3. Channing Tatum in This is the End

Seth Rogen and Evan Goldberg’s This is the End is one of the funniest and most outrageous comedy movies in recent memory. This is helped along by a plot that never slows down for a second. The actors, playing themselves, attend a party at James Franco’s house, and then the apocalypse hits, and then demons descend upon the house, and then Danny McBride gets kicked out of the house, and then Jonah Hill gets possessed, and then the house burns down and they’re on the outside in the post-apocalyptic wasteland that now remains of Los Angeles. After that, the last thing that anyone expected was for McBride to return as the leader of a gang of cannibals and try to eat his former friends. And the last thing that you might expect after that is for McBride’s sex slave to take off his gimp mask and reveal himself to be none other than Channing Tatum. There’s a bit of foreshadowing of this cameo early in the movie as Seth Rogen gushes to Jay Baruchel about how hot he thinks Channing Tatum is. The script called for “a gimp bitch,” and Rogen got the idea for it to be Channing Tatum and sent him an email, offering him the role. Tatum, ever the good sport, replied, “One, what the f**k? Two, that’s the craziest s**t I’ve ever heard. Three, when and where do I show up?”

2. Christopher Walken in Pulp Fiction

Pulp Fiction is consistently ranked among the greatest movies ever made, and there are many good reasons for that. One of those reasons in Christopher Walken’s cameo appearance as the Vietnam vet Captain Koons. Every time anyone tries to do a Christopher Walken impression these days – in an attempt to capture his distinctive voice – they try to replicate his monologue about the gold watch from the movie, because it’s so brilliant. You can always count on Quentin Tarantino for a good monologue, and you can always count on Christopher Walken for a fantastic performance. His telling of Captain Koons’ war experiences is so vivid and captivating that all you need for a full five minutes of movie is a single, unbroken shot of him talking. It’s that monologue that sets up the entire “The Gold Watch” segment of the movie. It’s that monologue that tells us everything we need to know about how important this watch is to Butch. Since the monologue – which was shot on the very last day of filming – is so long, Walken actually forgot his lines toward the end of the speech and you can see him pause as he tries to remember them, but the pause looked so authentic that Tarantino decided to leave it in. An iconic moment in the history of cinema.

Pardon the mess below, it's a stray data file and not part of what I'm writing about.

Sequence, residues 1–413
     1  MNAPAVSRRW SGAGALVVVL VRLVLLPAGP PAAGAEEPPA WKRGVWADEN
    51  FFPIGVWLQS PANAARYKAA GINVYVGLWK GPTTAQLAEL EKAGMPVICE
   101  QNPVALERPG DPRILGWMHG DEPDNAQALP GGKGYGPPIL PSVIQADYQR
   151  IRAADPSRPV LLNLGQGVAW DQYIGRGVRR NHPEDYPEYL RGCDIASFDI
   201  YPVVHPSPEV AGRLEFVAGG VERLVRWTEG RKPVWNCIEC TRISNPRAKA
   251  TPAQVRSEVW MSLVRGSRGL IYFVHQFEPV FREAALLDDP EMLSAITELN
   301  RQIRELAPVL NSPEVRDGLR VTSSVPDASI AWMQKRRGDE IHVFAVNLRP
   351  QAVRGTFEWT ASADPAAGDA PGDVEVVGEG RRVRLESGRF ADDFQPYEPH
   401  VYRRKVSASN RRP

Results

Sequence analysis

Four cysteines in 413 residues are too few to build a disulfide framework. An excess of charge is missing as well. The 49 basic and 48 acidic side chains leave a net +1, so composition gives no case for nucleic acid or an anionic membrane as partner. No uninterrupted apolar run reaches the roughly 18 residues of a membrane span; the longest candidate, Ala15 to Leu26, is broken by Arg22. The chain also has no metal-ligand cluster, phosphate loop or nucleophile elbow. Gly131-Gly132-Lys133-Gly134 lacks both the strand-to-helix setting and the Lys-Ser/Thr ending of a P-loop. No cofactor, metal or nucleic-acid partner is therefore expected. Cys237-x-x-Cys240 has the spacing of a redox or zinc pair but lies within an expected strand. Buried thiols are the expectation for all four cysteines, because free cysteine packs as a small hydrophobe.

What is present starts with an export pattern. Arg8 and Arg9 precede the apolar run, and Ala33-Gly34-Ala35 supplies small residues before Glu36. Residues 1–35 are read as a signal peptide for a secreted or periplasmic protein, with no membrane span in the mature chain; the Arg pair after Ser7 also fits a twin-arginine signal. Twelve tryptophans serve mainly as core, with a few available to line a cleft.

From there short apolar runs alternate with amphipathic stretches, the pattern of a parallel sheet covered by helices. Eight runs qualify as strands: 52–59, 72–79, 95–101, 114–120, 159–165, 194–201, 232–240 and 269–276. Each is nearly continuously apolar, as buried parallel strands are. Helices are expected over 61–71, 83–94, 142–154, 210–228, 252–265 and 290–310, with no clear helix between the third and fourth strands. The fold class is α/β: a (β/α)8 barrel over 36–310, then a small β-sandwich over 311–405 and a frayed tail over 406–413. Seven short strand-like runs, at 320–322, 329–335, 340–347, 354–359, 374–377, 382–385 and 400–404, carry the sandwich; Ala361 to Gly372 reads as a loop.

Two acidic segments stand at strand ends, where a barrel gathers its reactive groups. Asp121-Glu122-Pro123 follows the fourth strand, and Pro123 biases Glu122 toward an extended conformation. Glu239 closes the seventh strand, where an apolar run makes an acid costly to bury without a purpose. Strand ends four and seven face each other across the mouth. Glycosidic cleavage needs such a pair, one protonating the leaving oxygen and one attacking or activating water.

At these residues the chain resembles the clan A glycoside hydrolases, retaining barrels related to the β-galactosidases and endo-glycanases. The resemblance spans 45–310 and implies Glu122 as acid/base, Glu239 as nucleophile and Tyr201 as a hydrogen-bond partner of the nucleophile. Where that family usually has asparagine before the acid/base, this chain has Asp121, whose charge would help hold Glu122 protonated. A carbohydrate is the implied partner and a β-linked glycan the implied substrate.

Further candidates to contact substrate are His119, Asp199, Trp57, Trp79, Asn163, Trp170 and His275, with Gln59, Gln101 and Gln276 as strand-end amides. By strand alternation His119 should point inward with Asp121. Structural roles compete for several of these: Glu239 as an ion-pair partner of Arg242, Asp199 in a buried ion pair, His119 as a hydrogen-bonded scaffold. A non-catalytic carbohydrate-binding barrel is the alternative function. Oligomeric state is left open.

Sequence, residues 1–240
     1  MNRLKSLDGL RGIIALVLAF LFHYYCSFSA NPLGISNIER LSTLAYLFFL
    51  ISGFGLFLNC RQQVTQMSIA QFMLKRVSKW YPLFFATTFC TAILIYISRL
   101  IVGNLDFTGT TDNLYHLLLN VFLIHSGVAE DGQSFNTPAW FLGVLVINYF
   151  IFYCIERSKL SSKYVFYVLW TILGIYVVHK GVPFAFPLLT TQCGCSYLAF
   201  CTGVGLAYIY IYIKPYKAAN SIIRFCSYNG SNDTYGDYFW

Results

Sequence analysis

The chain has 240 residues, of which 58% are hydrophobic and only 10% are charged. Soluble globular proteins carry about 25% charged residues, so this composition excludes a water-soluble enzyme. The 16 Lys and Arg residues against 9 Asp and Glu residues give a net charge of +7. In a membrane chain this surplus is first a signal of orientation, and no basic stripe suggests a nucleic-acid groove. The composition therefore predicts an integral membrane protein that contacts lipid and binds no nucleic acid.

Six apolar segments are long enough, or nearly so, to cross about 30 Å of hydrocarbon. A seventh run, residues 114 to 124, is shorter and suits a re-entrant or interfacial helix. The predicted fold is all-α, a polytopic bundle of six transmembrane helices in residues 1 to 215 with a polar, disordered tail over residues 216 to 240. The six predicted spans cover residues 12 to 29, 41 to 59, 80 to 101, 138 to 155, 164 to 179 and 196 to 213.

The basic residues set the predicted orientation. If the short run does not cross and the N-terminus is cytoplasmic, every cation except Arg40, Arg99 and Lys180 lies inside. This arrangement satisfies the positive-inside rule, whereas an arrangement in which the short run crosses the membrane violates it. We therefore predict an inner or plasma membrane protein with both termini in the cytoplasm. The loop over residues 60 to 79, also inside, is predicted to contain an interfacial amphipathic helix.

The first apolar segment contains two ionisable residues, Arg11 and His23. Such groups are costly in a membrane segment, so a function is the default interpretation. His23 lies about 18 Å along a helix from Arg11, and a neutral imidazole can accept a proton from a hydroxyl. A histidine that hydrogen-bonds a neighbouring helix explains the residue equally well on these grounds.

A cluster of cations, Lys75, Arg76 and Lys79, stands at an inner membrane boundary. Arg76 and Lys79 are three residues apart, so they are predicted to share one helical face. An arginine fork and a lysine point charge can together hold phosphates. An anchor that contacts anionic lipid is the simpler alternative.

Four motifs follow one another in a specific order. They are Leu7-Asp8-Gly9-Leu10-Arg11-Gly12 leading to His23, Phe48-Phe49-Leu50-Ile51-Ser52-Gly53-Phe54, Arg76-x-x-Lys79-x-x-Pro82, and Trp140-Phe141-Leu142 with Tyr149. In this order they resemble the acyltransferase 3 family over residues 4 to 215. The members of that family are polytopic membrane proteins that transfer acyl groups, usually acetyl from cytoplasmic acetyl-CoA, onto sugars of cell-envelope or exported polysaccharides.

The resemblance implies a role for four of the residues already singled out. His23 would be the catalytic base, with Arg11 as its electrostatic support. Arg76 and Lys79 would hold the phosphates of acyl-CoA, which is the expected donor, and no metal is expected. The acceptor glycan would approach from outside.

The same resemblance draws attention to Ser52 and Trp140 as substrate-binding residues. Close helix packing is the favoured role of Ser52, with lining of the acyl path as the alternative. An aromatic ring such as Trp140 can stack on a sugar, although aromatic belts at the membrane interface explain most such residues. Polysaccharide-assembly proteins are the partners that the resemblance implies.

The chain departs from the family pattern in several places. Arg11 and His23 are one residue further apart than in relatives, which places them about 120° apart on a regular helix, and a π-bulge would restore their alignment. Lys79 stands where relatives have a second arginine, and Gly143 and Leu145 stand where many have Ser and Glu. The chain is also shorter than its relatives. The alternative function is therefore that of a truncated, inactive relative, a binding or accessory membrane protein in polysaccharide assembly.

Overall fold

1. Will Ferrell in Wedding Crashers

Ben Stiller, Vince Vaughn, Jack Black, Owen Wilson, Luke Wilson, and Will Ferrell have appeared in enough of each other’s movies that the media coined the term “Frat Pack” to refer to them. All of them apart from Owen Wilson are in Anchorman. All of them apart from Jack Black and Luke Wilson are in Starsky and Hutch. One thing you can almost guarantee with these “Frat Pack” movies is that Will Ferrell will have a cameo appearance as a really weird dude. In The Internship, he’s the twisted salesman who calls the street corner where human billboards die of skin cancer “the widow maker.” In Starsky and Hutch, he’s the pervy prisoner with the hairnet. But his greatest cameo appearance is in Wedding Crashers as the guys’ wedding crashing mentor, Chazz Reinhold. Throughout the movie, he’s sensationalized and deified – which makes it all the more hysterical when Owen Wilson’s character actually meets him in real life and realizes he’s a loser. He lives with his mother (who he treats like crap) and he’s a soulless man-child who has recently moved into the realm of funeral crashing. Chazz’s funniest quotes include, “Grief is nature’s most powerful aphrodisiac,” and “Ma, the meat loaf!”